Few things in a man's wardrobe are as underappreciated as the white shirt. Worn in the post-war years by every IBM man, white became the symbol of dull in dressing, noted for its tendency to wash out pale complexions when not in a proper context. But white was not always considered so mundane. A sign that a man did not work with his hands and could afford to have his clothing laundered, Beau Brummell for example wore nothing but white with his navy jackets and buff colored trousers.
Centuries after Brummell white shirts remain the best choice for evening, either with formal wear or a lounge suit. During the day, they complement jackets with white in the pattern, whether pin stripes for the City or black and white odd jackets like the one worn by Mr. Grant in the photo (he sets his off perfectly with a black necktie).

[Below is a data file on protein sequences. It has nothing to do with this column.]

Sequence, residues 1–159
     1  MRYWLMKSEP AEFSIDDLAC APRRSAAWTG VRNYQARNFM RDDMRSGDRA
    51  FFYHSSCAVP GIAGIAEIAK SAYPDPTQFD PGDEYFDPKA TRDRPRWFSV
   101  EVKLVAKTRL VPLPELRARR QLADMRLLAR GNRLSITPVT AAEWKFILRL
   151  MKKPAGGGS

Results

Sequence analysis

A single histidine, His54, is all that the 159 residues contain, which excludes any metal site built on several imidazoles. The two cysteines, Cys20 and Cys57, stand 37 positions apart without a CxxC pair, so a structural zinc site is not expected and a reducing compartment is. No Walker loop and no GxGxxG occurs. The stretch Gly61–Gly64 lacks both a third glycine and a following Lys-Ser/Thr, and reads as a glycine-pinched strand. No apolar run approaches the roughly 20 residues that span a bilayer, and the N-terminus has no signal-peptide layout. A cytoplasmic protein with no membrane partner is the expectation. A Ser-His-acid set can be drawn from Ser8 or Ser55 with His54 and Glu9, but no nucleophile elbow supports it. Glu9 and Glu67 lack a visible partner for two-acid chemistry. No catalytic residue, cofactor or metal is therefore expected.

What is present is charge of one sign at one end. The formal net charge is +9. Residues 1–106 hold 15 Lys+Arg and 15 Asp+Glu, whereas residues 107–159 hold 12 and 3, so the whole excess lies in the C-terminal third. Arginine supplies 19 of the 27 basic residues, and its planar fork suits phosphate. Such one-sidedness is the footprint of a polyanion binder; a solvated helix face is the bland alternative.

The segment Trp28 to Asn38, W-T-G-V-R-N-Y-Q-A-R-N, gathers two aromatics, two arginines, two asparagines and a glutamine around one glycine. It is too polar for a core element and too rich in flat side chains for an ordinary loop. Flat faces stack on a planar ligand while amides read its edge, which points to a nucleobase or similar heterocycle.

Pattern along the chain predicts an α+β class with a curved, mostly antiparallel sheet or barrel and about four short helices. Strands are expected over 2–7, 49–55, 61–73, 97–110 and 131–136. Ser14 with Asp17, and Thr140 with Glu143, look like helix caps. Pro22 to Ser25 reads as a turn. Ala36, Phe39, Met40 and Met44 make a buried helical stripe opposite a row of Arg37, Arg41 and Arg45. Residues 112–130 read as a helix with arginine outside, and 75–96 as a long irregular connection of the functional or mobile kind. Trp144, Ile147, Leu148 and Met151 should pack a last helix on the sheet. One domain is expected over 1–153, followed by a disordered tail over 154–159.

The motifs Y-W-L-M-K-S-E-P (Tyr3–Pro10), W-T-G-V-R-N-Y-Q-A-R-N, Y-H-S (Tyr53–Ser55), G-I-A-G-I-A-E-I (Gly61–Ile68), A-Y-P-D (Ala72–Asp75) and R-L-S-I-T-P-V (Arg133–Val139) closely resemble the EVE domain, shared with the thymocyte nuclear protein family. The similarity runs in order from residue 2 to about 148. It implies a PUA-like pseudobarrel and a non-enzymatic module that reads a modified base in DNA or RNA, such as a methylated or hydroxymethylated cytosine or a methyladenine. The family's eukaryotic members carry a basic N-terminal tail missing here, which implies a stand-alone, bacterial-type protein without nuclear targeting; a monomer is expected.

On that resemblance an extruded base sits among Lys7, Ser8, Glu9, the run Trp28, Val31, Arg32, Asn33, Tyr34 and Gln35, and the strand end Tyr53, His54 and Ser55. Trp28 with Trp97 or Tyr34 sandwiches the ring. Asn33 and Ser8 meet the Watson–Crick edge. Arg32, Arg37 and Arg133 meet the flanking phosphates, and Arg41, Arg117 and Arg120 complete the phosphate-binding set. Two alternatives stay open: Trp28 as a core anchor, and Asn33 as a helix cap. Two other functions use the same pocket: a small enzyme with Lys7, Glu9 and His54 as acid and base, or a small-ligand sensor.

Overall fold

Whether oxford cloth or twill for cool weather, poplin for year-round wear or voile or batiste for the heat, consider the white shirt.